Wednesday, 28 September 2016

September 24th and 25th

Sprawk over reedbed. (c) JR
Two weeks away from the moor and coming back it really felt like autumn. The palette of colours in the trees hedges and fields has changed. Faded greens, greys, golds and ochres are the order of the day. There are bright highlights from the haws and hips that make splashes of scarlet against the softer faded background. The weather reflected the changing season, chilly at first and then warmer as the sun emerged. It’s the time of year when it is impossible to get your clothing quite right.
Every week recently I have been expecting to hear that our long staying Purple Heron has not been seen for a while, but it is still with us. The weather has been fairly clement and perhaps it will take the first frost to persuade it to move south. It will be very interesting to see if it makes its migration and then comes back next year as an adult.
Another sign of Autumn was the sighting of my first Merlin of the season. On Saturday morning there was a male out on Greenaways sitting on a post. There are usually a couple of weeks at both ends of the year when Merlin and Hobbies overlap. Later on the Hobbies were up and about hunting the dragonflies that the sunshine had brought out. A Peregrine was seen on both days putting all the ducks to flight as it cruised over the reedbed. Most interesting raptor sighting was on Sunday in front of the first screen.
Sparrowhawks in front of the screen (c) JR
Two juveniles and one adult Sparrowhawk were sitting in the dead willows on the left side of the channel straight out from the screen. They made everything very nervous, the ducks swam over towards them to let them know that they knew they were there, a behaviour that used to be exploited in duck decoys. They flew off but one of the juveniles came back very quickly with a small prey item that it sat on the tree stump, plucked and then ate. It was difficult to work out exactly what it was but judging by colour it may have been a late Reed Warbler or one of the many Meadow Pipits that have turned up on Otmoor in the last week or so. The Merlin’s presence may also be a reflection of the number of Meadow Pipits that have arrived.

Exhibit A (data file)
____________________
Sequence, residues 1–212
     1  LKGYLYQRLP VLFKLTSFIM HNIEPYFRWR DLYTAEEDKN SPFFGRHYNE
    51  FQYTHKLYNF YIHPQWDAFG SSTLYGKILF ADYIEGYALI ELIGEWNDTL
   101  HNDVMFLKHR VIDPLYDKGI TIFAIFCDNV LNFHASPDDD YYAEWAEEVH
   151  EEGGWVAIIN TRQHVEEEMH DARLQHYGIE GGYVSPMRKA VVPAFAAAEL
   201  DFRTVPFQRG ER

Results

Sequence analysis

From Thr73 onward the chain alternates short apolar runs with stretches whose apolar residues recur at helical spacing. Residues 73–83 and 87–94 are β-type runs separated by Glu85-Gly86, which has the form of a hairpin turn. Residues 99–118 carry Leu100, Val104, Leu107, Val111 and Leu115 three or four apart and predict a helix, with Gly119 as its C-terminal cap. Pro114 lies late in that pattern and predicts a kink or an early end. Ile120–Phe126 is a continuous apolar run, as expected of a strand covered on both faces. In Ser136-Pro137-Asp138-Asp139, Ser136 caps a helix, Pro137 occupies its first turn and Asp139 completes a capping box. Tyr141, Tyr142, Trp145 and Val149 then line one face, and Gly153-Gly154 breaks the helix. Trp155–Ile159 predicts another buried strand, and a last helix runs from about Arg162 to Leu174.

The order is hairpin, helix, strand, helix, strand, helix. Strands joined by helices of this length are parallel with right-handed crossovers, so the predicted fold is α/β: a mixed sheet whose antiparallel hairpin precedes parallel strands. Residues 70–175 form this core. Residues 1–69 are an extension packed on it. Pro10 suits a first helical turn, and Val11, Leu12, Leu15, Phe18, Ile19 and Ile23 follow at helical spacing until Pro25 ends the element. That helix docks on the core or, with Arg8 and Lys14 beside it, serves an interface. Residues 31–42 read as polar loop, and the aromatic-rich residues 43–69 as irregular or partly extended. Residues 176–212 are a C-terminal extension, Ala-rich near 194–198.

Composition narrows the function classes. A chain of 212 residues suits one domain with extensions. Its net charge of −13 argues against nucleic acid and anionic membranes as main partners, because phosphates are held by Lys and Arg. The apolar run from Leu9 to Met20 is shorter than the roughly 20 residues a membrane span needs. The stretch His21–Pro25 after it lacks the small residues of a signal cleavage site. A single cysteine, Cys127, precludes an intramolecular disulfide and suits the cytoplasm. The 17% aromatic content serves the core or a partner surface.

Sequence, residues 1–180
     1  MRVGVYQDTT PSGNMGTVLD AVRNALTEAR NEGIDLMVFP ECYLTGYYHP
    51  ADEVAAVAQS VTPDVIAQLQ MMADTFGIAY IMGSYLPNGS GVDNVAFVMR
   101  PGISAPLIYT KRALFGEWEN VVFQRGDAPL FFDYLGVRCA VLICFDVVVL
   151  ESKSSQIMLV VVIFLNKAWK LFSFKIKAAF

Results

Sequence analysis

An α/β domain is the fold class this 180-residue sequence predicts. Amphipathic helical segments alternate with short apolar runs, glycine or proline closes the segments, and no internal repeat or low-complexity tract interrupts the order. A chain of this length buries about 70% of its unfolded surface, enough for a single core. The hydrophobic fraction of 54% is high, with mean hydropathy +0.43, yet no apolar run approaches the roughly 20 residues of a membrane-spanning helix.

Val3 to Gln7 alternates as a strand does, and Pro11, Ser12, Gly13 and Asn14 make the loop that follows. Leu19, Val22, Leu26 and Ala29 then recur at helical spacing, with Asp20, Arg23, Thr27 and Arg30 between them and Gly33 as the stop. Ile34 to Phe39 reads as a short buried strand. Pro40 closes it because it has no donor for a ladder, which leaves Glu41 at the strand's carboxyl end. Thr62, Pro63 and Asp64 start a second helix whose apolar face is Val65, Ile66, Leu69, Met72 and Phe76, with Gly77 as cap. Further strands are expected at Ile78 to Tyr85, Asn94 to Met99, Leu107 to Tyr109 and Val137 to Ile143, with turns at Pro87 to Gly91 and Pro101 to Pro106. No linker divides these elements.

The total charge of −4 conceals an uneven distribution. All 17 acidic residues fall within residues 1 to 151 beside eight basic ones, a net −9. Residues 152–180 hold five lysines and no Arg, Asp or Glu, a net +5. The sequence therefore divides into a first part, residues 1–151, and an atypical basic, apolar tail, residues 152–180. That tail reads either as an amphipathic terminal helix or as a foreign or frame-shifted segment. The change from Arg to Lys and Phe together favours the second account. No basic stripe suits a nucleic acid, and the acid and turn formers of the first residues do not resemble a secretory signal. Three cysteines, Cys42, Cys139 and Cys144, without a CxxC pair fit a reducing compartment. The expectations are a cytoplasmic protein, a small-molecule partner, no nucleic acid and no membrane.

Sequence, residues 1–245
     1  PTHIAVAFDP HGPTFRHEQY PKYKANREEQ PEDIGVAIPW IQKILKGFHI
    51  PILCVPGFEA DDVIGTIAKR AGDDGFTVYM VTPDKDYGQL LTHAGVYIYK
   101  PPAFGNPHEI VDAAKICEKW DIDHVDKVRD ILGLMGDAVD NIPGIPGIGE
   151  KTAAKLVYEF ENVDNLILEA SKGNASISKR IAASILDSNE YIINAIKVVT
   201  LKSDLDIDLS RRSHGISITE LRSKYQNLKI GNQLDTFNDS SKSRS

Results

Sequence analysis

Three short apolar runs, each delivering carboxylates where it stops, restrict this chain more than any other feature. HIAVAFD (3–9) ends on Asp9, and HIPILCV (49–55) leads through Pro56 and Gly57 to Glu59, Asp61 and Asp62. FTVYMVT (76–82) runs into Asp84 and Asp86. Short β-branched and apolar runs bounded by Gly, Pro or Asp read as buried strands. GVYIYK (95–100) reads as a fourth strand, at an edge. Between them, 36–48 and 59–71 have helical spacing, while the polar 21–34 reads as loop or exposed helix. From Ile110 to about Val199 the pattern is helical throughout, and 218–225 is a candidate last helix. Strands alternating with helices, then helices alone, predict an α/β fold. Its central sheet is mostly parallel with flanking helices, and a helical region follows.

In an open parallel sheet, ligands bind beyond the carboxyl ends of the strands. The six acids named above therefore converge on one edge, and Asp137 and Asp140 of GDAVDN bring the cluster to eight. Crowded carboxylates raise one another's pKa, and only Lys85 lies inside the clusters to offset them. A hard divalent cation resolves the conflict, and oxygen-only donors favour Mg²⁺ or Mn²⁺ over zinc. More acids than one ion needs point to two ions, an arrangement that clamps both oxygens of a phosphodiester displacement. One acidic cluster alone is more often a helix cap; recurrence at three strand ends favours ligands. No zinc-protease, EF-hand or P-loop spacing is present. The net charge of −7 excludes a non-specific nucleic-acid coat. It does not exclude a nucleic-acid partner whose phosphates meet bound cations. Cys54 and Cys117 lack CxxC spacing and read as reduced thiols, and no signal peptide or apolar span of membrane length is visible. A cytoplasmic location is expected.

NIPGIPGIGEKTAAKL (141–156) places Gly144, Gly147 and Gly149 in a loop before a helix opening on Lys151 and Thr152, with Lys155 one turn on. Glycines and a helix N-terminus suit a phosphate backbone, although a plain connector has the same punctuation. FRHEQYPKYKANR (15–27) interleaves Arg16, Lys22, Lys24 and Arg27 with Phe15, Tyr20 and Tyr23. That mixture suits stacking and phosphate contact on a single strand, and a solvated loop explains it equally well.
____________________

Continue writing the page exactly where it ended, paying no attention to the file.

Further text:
BHG (c) Bark
Snipe continue to feed and loaf around on the edges of the mud bank in front of the screen, except of course when three Sparrowhawks are sitting in the dead willow! On Saturday morning there was a small wader creeping amongst them, feeding rapidly and appearing completely dwarfed by them. We initially thought that just by its size it had to be a Little Stint. It did have two faint tramlines on its back and its behaviour was right for Little Stint. However, we thought that its bill was much too long for Little Stint. We started to speculate and struggled to get a reasonable picture of it. Eventually I took a picture of it on my phone through my scope and J.U. took a picture of the bird and then photographed the back of his camera with his phone. We sent both pictures off to the oracle, our County Recorder looked at them and pronounced it to be a Dunlin. Male Dunlins are smaller than females and without other small waders around estimating the size, which had totally misled us, is tricky. What was great was having the technology to get some sort of image, send it out and then get a clear id. Thanks to Ian for his help, perhaps next time it will be a Western Sandpiper!
Small wader (Dunlin) predtending to be something else record shot (c) Bark
The sunshine on both Saturday and Sunday had encouraged good numbers of Red admirals onto the wing. They looked very fresh and bright. Presumably they are the generation that will hibernate to appear again in the Spring.
Red admiral and blackberries (c) JR
Yellow Wagtails continue to feed around the cattle on both Greenaways and Big Otmoor, they seem to feed dangerously close to the feet and heads of these huge beasts. They will be moving on soon and we will be looking out for the first winter Thrushes that should arrive in the next couple of weeks. There is certainly a mass of food for them in the hedgerows.
Basking Common Lizards (c) Derek Lane

Monday, 19 September 2016

September 17th-18th

Septembers mellow fruitfulness.